Dating Amber is a deliciously vulgar teen comedy that is sure to fill that Derry Girls-shaped hole in your life. Set in 1990s Ireland, the movie is about two closeted queer Catholic high-schoolers, Eddie (Fionn O’Shea) and Amber (Lola Petticrew), who decide that pretending to date each other is easier than shrugging off the taunts of their classmates. What starts out as a promising quick-fix solution proves to have unexpected consequences, particularly for Eddie, who’s long-repressed anxiety about being gay begins expressing itself in sometimes hilarious and sometimes frightening ways.
The movie is a clever twist on the standard teen comedy trope of “pretending to date someone for reason x,” adding moments of humor or pathos in unexpected places. Director David Freyne additionally steeps the movie in Gen X moments, particularly the music, the style, and the conversations du jour of 1990s Ireland—especially where it concerns (slowly) changing attitudes towards divorce.
This concept of divorce is presented throughout the movie, as are other details that paint compulsive heterosexuality as something damaging to everyone, not just queer folks. Whether Eddie’s parents or the high school teenagers who surround them, many of the “straight” characters appear miserable to be confined to the rigid heterosexual regulations of Catholic Ireland. Even the sex education tape that a nun shows to the class is a satirical presentation of just how sex-adverse such a society can be. This compulsive heterosexuality and sexual aversion is, of course, forever incorporated internally by children and teenagers. The movie is populated by high schoolers picking on sexuality or lack of sexual experience. Even the “shifting” between these teenagers seems rote and passionless, so much so that Amber even makes money off of selling the use of one of her mother’s abandoned trailer park trailers for her classmates to have sex in.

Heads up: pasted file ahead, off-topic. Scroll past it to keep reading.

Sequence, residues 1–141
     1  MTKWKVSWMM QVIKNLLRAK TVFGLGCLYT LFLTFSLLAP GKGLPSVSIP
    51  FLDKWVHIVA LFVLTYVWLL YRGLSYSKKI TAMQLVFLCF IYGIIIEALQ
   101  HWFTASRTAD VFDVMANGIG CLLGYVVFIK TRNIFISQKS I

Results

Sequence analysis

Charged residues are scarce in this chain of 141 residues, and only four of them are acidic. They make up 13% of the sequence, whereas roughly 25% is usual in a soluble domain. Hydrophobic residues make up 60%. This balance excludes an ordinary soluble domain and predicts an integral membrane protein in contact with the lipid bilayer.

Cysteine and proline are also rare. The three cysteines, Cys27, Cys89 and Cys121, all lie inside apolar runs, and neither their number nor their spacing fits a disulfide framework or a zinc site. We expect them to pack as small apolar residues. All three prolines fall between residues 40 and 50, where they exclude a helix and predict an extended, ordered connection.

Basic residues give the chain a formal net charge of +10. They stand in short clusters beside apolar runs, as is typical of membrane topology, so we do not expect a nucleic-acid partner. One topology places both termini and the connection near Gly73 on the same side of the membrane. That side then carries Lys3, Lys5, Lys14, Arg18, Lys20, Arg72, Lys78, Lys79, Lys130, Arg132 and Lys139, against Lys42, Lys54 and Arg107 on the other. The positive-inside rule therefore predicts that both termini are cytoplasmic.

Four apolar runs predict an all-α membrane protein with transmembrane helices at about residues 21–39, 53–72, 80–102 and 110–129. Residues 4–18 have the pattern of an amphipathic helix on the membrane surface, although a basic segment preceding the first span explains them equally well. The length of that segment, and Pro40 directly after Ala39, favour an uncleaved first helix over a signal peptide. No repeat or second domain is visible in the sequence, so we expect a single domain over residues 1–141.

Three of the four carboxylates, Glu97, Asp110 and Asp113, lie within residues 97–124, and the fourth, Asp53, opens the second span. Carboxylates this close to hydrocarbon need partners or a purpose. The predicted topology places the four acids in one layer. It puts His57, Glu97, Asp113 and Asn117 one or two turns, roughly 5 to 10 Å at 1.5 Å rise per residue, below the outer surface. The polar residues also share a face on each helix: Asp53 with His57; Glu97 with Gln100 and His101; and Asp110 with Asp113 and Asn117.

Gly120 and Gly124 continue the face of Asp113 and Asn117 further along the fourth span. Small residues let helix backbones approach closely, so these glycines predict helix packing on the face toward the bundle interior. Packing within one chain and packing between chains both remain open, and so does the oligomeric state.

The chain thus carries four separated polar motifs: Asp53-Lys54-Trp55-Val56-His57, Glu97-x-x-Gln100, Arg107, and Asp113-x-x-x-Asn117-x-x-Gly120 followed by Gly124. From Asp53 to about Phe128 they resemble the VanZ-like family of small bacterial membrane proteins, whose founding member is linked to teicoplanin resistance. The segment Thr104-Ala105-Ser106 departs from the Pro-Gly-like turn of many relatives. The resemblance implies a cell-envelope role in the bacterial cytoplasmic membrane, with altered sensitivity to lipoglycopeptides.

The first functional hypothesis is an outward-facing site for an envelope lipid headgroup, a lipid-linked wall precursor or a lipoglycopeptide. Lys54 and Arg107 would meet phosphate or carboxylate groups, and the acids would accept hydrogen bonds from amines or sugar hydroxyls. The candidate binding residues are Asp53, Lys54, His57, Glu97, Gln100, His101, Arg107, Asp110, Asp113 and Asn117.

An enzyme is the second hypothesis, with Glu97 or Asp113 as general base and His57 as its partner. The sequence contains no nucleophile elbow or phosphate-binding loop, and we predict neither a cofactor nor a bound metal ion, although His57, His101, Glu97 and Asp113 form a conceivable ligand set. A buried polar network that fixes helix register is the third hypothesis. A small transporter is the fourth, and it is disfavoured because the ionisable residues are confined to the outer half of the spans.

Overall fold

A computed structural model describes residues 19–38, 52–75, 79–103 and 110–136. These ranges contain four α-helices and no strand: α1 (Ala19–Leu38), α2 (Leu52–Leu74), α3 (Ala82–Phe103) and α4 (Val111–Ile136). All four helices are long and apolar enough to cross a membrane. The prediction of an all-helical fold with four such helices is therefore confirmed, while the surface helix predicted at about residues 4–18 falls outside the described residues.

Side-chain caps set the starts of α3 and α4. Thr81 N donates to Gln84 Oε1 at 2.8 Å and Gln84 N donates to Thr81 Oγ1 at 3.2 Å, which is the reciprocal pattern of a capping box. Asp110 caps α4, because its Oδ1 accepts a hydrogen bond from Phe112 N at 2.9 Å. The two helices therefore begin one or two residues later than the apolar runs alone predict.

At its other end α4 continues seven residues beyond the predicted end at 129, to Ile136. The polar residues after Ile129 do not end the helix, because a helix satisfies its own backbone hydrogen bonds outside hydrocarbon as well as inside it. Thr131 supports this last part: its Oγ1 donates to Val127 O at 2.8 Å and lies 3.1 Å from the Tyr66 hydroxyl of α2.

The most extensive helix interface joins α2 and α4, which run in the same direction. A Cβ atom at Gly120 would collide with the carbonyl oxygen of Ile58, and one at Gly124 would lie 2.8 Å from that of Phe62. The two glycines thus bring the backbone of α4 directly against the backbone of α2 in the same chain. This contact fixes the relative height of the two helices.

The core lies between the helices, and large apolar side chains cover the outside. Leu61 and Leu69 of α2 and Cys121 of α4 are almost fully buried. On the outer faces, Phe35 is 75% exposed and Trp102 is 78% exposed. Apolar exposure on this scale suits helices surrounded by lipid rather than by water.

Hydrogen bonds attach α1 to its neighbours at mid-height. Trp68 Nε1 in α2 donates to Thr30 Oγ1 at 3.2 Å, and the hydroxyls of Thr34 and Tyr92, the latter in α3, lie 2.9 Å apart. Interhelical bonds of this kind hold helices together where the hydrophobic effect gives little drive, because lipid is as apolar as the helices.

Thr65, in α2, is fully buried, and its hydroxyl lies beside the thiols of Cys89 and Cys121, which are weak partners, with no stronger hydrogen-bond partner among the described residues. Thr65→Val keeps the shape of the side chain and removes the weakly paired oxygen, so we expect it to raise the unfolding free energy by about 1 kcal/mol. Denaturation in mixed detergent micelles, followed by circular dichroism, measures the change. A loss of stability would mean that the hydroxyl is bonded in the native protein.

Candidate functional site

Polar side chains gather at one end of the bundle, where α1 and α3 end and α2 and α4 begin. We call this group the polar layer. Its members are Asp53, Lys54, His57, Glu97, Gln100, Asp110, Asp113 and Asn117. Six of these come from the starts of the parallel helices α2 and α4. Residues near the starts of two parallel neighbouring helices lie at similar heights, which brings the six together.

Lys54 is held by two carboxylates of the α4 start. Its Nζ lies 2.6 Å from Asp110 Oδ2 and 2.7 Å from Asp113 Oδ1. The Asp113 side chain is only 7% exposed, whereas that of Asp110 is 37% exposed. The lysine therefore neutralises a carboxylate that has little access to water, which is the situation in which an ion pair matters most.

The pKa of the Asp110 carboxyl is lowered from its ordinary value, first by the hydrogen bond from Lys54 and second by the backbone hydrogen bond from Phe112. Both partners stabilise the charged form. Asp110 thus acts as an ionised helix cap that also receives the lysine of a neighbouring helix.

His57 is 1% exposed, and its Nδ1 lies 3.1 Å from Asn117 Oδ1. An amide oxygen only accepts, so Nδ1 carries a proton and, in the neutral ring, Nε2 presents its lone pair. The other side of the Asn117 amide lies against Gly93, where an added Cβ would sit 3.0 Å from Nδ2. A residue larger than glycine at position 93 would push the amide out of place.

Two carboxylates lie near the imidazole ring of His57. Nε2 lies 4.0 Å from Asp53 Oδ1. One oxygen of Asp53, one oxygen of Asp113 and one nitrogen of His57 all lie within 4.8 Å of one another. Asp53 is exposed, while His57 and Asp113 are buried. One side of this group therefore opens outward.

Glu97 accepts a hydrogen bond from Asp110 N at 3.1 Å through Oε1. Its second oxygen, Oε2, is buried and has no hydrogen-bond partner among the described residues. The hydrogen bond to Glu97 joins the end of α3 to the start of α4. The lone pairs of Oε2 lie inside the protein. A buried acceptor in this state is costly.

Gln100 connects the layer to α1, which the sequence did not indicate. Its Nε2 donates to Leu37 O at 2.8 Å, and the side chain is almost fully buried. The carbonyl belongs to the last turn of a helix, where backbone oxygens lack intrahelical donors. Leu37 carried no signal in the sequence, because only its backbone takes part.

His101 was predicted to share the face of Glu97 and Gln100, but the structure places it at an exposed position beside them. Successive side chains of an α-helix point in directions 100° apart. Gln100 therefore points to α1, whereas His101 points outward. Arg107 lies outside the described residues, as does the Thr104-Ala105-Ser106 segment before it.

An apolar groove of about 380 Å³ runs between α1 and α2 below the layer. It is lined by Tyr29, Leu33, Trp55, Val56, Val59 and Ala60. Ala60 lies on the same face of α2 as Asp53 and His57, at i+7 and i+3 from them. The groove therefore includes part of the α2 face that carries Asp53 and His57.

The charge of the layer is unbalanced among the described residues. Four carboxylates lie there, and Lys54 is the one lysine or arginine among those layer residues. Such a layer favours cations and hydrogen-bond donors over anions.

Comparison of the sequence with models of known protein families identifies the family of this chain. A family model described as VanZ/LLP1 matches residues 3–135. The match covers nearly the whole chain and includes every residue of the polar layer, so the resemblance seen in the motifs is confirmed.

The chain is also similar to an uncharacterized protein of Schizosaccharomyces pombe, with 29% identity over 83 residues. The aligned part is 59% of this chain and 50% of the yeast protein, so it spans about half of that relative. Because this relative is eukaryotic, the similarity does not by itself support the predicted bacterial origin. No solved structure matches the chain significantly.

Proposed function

It isn’t until Eddie and Amber find each other and find queer spaces that their world becomes something more warm and intimate. With each other they find queer support, and in the gay bars and queer concerts they go to, they start to find passion. The filmmaking matches this shift, the lighting becoming romantic, effervescent, or joyful. Eddie and Amber react quite distinctly to these new experiences, however. Amber readily accepts this as home, while Eddie often mistakes the feelings of the heat of desire or the warmth of home as something that can scald or burn. And his pain causes him to retreat further into the conventionally masculine mores he’s found such, relative, security in.
The cast is able to traverse the tonally shifting series of mixups, revelations, sadness, and humor with such emotional resonance throughout, and O’Shea and Petticrew are consistently hilarious and full of depth. Likewise, Sharon Horgan, Barry Ward, and Simone Kirby, who play the leads’ parents, provide varying degrees of competent parenthood, proving to be both funny and heartbreaking. They, like every character in the world of Dating Amber, make the movie feel distinctly real and relatable amidst its screwball premise.
Although the movie can be rather light or trite at times, even during it’s more gloomy moments, the overall humor and tenderness is a welcome balm. This isn’t to say that the movie has a neat or happy ending, though. Dating Amber is complex enough to avoid that vapid platitude of “it gets better”. Instead, Dating Amber rather adeptly explores the possibility that queer homes—whether in physical spaces or in the arms of a friend—can help to make the painful or scary parts easier to endure, even when you have to endure them alone.
Dir. David Freyne
Dating Amber is available to stream through NewFest now until Tuesday, 10/27
Available on demand and digital 11/15
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